So this idea of our conscious perception of “now” or the present time being loosely attached to time does have the ability to explain some baffling phenomena. There are at least two problems with all of this analysis, however. The idea of a slippage of our conscious perception along space-time lines does not involve the actual movement of anything material through time. It is not time travel as science fiction views it. Nor does it seem to contradict current scientific thinking, since, as we saw above, scientists such as Einstein have denied there is any real difference between past, present and future. He said the perceived difference was an illusion. So this idea simply involves a slippage of this illusion toward the future and then a return to normal. This slippage seems to be allowed in the concept of a deterministic future held by many modern physicists. However, if nothing material moves when our perception of the present changes, then our brains do not actually move, either. So when our perception of the present returns, our consciousness should return to the same brain, with the same memories that existed previously. So if all our memories are stored in our brains, we should have no memories of our brief experience of future time. A second problem would be this: if we returned backwards in time to the same chronological point, but with a memory of the future, wouldn’t the future have changed the past? Is this slippage not a paradox? Either way, this idea of slippages seems to be fraught with difficulty. What shall we make of this problem?

Christians have not10) accepted the idea that our personalities, our memories, our consciousness and our very selves are nothing more than biochemical patterns stored in our brains. If we believed that, we certainly would have no reason to believe in any kind of survival after the death of the body. Having rejected the materialist view of human consciousness when we consider life after death, we certainly shouldn’t cling to it here, either. This is not to say we have any good answer to the question concerning the survival of memories after our brains die, or that we can even explain consciousness adequately. The Scriptures affirm that our essential selves (our souls) do survive death, but do not explain how this works. Science also seems increasingly reluctant to affirm that consciousness is anything as simple as can be explained by classical materialism, including classical physics. One of the greatest thinkers in modern physics is Sir Roger Penrose. In a recent interview for Discover Magazine, Penrose commented: In my view the conscious brain does not act according to classical physics. It doesn’t even act according to conventional quantum mechanics. It acts according to a theory we don’t yet have. This is being a bit big-headed, but I think it’s a little bit like William Harvey’s discovery of the circulation of blood. He worked out that it had to circulate, but the veins and arteries just peter out, so how could the blood get through from one to the other? And he said, “Well, it must be tiny little tubes there, and we can’t see them, but they must be there.” Nobody believed it for some time. So I’m still hoping to find something like that—some structure that preserves coherence, because I believe it ought to be there.11)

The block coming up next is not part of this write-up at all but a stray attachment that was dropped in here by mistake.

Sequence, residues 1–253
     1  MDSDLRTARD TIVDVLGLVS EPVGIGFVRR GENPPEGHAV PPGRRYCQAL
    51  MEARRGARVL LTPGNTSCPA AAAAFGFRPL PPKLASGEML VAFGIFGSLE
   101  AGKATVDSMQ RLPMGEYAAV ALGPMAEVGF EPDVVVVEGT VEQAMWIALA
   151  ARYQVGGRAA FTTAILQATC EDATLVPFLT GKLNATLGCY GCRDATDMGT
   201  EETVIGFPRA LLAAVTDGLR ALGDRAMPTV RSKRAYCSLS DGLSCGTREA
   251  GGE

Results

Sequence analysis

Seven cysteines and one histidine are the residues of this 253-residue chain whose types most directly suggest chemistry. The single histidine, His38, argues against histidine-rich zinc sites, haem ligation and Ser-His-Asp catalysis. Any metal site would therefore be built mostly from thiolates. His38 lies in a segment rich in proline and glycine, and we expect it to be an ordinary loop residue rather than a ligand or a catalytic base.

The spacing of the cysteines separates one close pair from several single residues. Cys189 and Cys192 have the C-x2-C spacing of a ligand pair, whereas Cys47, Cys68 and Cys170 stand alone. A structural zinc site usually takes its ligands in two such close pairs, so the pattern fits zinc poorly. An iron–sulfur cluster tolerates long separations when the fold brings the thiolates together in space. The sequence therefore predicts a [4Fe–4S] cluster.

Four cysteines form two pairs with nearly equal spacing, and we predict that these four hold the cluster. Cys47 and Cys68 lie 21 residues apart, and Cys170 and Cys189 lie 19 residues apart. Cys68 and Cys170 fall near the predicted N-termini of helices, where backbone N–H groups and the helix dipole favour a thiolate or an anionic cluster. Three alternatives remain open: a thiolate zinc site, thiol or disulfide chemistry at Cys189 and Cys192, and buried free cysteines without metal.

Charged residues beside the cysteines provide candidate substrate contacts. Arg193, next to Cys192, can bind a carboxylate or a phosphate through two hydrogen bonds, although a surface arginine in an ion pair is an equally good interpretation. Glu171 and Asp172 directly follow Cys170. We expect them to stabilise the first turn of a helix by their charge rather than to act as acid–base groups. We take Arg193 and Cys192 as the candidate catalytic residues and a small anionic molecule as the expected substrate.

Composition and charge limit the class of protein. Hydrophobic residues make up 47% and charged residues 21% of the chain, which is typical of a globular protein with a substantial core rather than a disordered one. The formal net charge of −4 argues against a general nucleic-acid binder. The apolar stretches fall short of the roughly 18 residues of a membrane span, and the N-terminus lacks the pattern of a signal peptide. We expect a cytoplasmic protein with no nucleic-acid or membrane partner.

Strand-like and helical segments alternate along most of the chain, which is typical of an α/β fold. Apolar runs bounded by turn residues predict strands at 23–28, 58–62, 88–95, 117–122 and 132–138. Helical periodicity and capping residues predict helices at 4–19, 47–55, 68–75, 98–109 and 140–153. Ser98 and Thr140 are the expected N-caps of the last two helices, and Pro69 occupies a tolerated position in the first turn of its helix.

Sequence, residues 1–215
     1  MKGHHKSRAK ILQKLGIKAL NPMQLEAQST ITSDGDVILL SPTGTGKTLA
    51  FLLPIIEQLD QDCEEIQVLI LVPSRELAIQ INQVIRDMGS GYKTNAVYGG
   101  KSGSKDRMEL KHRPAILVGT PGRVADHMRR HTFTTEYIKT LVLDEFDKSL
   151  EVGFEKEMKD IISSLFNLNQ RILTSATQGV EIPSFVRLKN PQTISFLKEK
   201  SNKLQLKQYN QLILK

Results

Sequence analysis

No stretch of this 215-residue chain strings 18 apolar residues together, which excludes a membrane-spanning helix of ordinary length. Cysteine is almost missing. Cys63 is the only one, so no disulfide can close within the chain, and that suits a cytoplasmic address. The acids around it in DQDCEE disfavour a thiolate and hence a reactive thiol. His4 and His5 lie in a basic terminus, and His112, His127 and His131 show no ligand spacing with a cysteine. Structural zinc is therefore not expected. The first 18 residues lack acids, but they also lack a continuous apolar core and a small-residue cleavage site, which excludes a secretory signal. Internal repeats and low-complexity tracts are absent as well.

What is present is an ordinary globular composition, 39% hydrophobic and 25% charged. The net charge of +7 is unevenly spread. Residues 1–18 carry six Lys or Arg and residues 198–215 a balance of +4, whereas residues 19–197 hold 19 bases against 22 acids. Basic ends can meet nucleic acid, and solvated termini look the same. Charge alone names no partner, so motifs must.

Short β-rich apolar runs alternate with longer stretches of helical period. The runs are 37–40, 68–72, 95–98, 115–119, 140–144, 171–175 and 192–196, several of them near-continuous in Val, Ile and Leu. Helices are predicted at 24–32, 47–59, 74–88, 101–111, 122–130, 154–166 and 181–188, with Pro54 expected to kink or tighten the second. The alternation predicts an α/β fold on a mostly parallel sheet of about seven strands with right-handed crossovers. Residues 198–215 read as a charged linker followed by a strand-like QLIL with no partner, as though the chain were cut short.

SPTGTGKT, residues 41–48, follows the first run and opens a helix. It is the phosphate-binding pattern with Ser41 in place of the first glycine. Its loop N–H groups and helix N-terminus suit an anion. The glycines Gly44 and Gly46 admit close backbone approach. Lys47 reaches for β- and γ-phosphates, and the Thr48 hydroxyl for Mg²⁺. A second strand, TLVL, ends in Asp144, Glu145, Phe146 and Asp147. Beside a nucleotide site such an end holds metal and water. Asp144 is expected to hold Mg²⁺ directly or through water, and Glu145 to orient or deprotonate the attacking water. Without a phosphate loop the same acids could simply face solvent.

I realize these sorts of anecdotes fall far short of the kind of proof demanded by hardened skeptics. Yet here is a case where a patient “saw” details that would have been impossible to see, since they would have been out of his line of vision even if he had had his eyes open. Of course, nothing short of observations performed under controlled conditions in a laboratory and repeatedly replicated elsewhere would be admitted as hard proof. The very nature of these experiences means they only provide suggestions and not scientific proof. It is all too easy to pass these accounts off as dreams that, by a wild coincidence, bore uncanny similarities to real events about which the patient could not have known. We must recognize, though, that many out-of-body experiences have been reported, and many with reports of detailed images that the patient could not logically have been able to see. How many does it take before we have to rethink what is possible and plausible?

I am not sure NDE reports of travelling to heaven or hell or seeing Jesus are useful for verifying or denying spiritual truths, since there is nothing about them that is verifiable. On the other hand, out-of-body experiences often include information that is verifiable. If a patient reports seeing earthly events in a NDE, this information can be confirmed or denied. That is why I consider them worthy of some consideration. If a person's consciousness (which we could describe as his soul or spirit) actually separates from his body in a spatial sense, then the memory of what he sees while disembodied must be somehow stored in the consciousness without using the physical brain as the storage medium. When the person's consciousness returns, the memories are then stored in the usual way and are available for recall upon awakening. If this idea is true, then there has to be a form of memory that does not depend on our physical bodies.